DUMPING CARGO: Cargo magazine left the world the way it entered it: with much scratching of heads. On Monday, as word emerged that Condé Nast Publications Inc. was shutting down the men’s shopping title after two years of setbacks and reversals, many were wondering why the company (which also owns WWD) hadn’t given another editor a chance to make Cargo work. Although a Condé Nast spokeswoman said there had been no consideration given to replacing editor in chief Ariel Foxman, recent months have been filled with rumors of a quiet search under way, possibly undertaken by publisher Lance Ford, who replaced founding publisher Alan Katz in August after Katz moved over to Vanity Fair. Insiders compared the situation with GQ editor Art Cooper’s 2003 ouster, conducted at the urging of then-publisher Ron Galotti. Since coming onboard, Ford — an old buddy of Richard Beckman‘s — has been telling advertisers they could expect to see Cargo move in a more up-market, fashion-centric direction, according to sources in the men’s market. Ford recently met with Greg Williams, editorial direct of Giant and former editor in chief of the British title Arena, but when asked about it, both men described the meeting as a social get-together. Still, Condé Nast editorial director Tom Wallace and his deputy, Rick Levine, are known to have solicited critiques of Cargo from a range of editors in the latter half of 2005.
The question of to what extent a different editor might have changed Cargo’s fate will be asked long after the title’s final installment, the upcoming May issue, departs newsstands. Certainly Foxman was far from a safe bet; plucked from a senior editor position at In Style on the strength of a promising memo, he had never been an editor in chief before. Perhaps because he was unproven, Foxman was entrusted with relatively little autonomy and had little input into its early form. According to another Condé Nast editor, Foxman was hired only after a prototype existed and a creative director, Donald Robertson, had been engaged. Moreover, he received plenty of hand-holding from then-editorial director James Truman, and later from Wallace and Levine. It was Truman, one may recall, who pioneered the shopping magalogue with the successful Lucky and proceeded to overextend the concept by insisting men liked to trawl the aisles as much as women. However, neither Cargo nor its competitive sibling, Vitals, lived to toddler-hood.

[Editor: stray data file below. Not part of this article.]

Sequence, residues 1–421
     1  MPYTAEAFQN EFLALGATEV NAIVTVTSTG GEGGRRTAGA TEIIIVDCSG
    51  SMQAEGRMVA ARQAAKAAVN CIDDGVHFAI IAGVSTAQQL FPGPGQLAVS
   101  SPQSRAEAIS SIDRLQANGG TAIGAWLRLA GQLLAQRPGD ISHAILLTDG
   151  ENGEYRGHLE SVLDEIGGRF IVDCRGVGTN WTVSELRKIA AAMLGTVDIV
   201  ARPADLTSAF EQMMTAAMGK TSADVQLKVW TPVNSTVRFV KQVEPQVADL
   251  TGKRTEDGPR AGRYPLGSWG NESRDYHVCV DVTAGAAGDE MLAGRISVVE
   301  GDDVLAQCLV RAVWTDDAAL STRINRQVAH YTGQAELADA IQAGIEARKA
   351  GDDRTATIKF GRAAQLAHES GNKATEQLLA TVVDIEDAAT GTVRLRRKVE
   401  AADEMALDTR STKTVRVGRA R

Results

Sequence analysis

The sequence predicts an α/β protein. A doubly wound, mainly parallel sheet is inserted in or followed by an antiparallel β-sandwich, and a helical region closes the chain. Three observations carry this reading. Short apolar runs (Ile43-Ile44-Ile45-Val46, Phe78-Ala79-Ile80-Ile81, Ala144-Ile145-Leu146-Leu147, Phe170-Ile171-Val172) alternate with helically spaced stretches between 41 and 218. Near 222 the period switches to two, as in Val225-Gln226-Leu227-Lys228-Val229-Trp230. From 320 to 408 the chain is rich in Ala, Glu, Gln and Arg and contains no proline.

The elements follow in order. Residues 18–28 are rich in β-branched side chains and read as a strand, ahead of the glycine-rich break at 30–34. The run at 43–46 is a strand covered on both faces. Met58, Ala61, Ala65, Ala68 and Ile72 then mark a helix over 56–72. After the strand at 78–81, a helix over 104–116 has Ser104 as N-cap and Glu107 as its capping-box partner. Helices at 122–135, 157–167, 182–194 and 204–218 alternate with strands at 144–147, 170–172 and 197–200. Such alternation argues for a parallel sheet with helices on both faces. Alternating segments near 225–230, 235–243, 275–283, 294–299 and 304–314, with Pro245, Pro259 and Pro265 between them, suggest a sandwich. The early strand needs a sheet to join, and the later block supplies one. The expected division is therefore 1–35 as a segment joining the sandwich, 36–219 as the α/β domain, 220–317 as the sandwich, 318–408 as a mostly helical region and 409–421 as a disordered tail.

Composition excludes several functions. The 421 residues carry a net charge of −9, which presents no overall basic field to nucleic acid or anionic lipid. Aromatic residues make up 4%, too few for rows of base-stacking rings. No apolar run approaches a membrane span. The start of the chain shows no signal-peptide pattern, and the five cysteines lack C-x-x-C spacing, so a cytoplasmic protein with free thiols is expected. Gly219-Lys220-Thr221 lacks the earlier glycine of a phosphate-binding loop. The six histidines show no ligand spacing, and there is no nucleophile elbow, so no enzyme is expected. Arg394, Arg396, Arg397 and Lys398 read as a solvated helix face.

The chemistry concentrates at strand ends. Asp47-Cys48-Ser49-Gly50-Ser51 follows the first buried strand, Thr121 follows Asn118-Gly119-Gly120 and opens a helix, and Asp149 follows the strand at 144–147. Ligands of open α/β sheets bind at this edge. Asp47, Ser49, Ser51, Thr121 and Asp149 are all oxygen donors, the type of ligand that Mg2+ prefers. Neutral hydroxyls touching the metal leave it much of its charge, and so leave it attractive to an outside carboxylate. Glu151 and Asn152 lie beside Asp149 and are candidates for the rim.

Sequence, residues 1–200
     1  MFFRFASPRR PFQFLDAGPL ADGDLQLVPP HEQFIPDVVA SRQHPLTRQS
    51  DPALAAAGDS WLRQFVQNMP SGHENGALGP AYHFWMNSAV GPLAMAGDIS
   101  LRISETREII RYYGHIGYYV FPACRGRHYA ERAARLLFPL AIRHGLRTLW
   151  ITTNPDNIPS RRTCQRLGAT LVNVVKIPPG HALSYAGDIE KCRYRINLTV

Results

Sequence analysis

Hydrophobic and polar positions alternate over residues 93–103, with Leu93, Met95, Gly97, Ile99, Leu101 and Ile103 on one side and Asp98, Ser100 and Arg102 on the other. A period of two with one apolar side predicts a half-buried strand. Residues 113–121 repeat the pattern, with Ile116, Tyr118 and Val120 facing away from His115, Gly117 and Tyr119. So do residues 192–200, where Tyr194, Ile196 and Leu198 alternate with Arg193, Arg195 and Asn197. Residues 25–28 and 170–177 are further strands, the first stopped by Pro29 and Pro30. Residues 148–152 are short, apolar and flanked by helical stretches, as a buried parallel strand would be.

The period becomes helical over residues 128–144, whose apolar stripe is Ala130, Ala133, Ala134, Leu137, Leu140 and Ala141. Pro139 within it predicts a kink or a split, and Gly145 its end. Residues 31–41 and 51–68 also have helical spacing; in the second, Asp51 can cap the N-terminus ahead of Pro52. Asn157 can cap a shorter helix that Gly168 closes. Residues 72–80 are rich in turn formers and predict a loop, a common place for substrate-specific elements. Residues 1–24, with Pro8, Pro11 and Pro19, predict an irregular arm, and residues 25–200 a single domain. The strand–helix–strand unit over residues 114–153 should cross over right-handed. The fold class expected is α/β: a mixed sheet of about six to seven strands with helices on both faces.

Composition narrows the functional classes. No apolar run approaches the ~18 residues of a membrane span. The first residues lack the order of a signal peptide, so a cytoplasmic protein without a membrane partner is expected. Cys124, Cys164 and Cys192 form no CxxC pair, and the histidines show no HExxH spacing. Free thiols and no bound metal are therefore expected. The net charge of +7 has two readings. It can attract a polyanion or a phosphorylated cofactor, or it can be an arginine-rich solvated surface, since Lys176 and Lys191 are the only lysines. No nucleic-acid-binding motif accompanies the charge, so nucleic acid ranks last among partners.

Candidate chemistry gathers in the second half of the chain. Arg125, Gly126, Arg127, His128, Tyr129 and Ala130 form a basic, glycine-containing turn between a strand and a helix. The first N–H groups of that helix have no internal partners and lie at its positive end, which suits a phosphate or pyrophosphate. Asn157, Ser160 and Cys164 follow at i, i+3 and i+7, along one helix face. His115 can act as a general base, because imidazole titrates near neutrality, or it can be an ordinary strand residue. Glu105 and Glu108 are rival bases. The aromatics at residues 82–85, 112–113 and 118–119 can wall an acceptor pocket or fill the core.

But Foxman was not always receptive to guidance. Sources at the company say he shrugged off advice aimed at improving Cargo’s performance at the newsstand — even though the magazine was selling, on average, 30,000 to 40,000 fewer copies per issue than it was expected to — and resisted efforts by Robertson to emulate the design of other magazines, particularly the lad titles.
It may be that Foxman (who did not respond to calls for comment) simply didn’t realize how precarious his, and Cargo’s, position was. According to one insider, in December, Foxman showed up late to a holiday cocktail party Condé Nast chairman S.I. Newhouse Jr. held for the company’s editors — a faux pas no employee who felt himself to be on the hot seat would presumably make. If that’s the case, Foxman’s blissful ignorance persisted right up to the end, said the source: Wallace notified Foxman of the shutdown only a few minutes before telling the rest of the magazine’s editorial staff.
While the rest of the magazine’s employees will be considered for open positions at other titles, Foxman and Ford are both leaving the company.
— Jeff Bercovici and Sara James